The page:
Such man-made – or man-exacerbated – natural disasters are woven through Robinson’s fiction. In his first novel The Wild Shore (1984), California is rebuilt on greener principles in the aftermath of nuclear war. In a trilogy written in the 2000s (later condensed into a single volume titled Green Earth and published in 2015) politicians tackled an unfolding climate crisis on a global scale. In that novel, the account of a progressive, democratically elected government guided by experts, scientists and a John-McCain-style war hero president is the fullest expression of Robinson’s political fantasy. The book even includes a brief history of Roosevelt’s New Deal. “There’s what I call the technocrat class, a kind of HG Wells scientific meritocracy, and it’s for them to advise the political class: this will work, this won’t work, try that,” he says.

Failing to consult the technocrats can lead to “lunatic” suggestions, Robinson has found. The radical left’s position of leaving the remaining wilderness entirely alone won’t work, he argues, as climate change requires management. Yet interventions suggested by technophiles, such as sucking carbon out of the atmosphere with hi-tech “vacuum cleaners”, are equally problematic.

Robinson favours actions with multiple benefits, from growing more forests, to supporting women’s rights around the world and making agriculture “a carbon-negative business”. His 2017 novel New York 2140, about a city sinking under both rising tides and capitalist excess, explicitly links the fight to lower emissions with the need to reduce global inequality.

The novel anticipated conversations taking place in Washington today – and the character Charlotte Armstrong, a
politically minded social worker who runs the co-op, bears striking resemblance to Ocasio-Cortez, who was elected to the House of Representatives a year after 2140  was published. “By accident,” says Robinson, “I was ahead of the curve.”

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If there is a downside to fiction driven by science and politics, it is that characters like Armstrong can come across as thin; their inner lives secondary to servicing the plot. But social and economic context does shape personality. “I’ve met probably ten or a dozen billionaires; they’re all men, they’re all very peculiar,” Robinson notes of Silicon Valley tycoons like Elon Musk. “It’s the Midas touch: once you’ve got that much money you’re in a weird social situation and you don’t know if anybody likes you or not.”

When asked for an example of someone he admires, Robinson cites his wife, Lisa Howland Nowell: a chemist and government scientist. “She studies what happens to pesticides when their work is done. There’s sometimes 256 pesticides in a single spreadsheet,” he marvels, “this is who I really write about.”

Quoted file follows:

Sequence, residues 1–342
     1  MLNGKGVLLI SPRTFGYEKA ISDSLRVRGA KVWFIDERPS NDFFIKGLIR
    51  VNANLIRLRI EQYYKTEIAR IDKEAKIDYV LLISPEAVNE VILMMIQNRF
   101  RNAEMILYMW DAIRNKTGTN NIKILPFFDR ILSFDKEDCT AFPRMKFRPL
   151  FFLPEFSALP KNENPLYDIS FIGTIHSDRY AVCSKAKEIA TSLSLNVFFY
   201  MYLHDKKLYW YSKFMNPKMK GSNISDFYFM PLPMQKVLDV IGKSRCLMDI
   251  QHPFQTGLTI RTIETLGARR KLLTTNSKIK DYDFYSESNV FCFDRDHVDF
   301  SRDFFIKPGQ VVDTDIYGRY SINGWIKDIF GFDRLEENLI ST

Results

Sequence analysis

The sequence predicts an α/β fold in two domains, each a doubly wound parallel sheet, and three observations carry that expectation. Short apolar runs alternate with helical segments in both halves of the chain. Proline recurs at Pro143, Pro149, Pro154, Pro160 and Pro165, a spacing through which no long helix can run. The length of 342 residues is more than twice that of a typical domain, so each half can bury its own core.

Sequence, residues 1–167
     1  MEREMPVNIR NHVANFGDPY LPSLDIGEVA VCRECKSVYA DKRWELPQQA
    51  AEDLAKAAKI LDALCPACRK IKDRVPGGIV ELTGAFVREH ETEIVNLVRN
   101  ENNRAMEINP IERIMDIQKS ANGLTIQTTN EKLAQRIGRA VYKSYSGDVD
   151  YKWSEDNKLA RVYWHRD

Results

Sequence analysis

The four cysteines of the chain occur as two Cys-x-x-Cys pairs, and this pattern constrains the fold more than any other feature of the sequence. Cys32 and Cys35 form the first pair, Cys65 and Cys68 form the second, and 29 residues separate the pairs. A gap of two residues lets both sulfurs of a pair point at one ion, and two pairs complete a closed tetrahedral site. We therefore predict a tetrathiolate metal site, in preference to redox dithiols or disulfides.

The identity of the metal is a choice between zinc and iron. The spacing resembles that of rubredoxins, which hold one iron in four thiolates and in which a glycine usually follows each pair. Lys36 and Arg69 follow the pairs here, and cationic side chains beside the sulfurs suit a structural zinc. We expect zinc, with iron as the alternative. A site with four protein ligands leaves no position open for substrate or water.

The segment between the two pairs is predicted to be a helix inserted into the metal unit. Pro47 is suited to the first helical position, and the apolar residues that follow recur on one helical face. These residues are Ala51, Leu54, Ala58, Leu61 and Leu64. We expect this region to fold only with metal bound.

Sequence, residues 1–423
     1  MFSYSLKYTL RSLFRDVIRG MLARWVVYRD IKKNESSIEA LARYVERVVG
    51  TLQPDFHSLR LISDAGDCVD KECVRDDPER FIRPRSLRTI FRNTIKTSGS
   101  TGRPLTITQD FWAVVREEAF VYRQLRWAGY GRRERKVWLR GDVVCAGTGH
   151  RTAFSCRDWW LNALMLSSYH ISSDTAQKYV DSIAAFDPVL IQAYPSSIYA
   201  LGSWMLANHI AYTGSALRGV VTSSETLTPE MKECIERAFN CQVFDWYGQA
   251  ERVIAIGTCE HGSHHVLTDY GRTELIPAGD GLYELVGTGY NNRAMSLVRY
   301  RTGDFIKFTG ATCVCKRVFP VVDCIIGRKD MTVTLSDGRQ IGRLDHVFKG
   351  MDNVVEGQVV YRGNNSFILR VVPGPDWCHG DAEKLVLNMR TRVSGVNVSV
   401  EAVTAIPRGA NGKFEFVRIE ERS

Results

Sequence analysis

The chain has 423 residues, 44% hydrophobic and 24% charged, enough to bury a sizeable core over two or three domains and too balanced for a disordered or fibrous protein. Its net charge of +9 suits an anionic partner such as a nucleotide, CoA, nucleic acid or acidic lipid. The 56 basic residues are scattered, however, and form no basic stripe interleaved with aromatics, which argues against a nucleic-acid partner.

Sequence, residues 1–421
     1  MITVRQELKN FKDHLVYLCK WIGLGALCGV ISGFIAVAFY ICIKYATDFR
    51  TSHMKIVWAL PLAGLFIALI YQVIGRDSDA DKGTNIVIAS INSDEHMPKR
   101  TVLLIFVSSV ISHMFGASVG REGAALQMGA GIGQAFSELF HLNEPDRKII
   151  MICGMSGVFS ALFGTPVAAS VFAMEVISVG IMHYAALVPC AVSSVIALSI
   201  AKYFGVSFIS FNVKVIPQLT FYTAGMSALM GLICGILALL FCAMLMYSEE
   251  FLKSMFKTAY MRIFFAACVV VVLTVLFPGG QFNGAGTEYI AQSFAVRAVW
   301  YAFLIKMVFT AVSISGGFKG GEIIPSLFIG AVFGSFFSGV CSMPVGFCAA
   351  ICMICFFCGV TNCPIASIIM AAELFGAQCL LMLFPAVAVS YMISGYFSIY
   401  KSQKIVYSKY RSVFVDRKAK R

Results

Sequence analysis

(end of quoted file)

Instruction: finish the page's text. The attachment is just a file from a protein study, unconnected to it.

In his novels, the characters who shine the brightest are those who end up acting against their own interests or instincts. In 2140, it’s a selfish, rosé-drinking hedge-fund trader who – despite himself – helps Charlotte Armstrong bring down the banks.

Robinson seems to share some of this inner conflict. As our lunch ends, he heads off to help arrange the flowers at a dinner for the homeless. He does this not because he believes in charity (he doesn’t, and doesn’t think those receiving it like it much either), but to support his wife, who runs the event.

For all its detailed world-building, therefore, Robinson’s fiction has at its heart the mystery of how people and societies make decisions. He writes in 2140: “Individuals make history, but it’s also a collective thing, a wave that people ride in their time, a wave made of individual actions. So ultimately history is another particle/wave duality that no one can parse or understand.” Not understanding is OK, the novels imply, as long as we strive for more knowledge: by reading, listening to experts – and keeping the conversation open between those who see things in different ways.

Acknowledging this is vital, as the response to the climate crisis will have to emerge from our messy and imperfect present. But it is not an easy task, and work on his new novel, set in our current century, is leaving Robinson feeling “particularly fragile and desperate”.

Yet he is resolved to keep trying. “No one solution will solve the climate change problem,” he says.“So you’ve just got to try everything that seems good.” 

“Red Moon” by Kim Stanley Robinson is published by Orbit

India Bourke is an editor at AFP Asia Pacific and was previously environment writer and editorial assistant at the New Statesman

This article appears in the 20 December 2019 issue of the New Statesman, Days of reckoning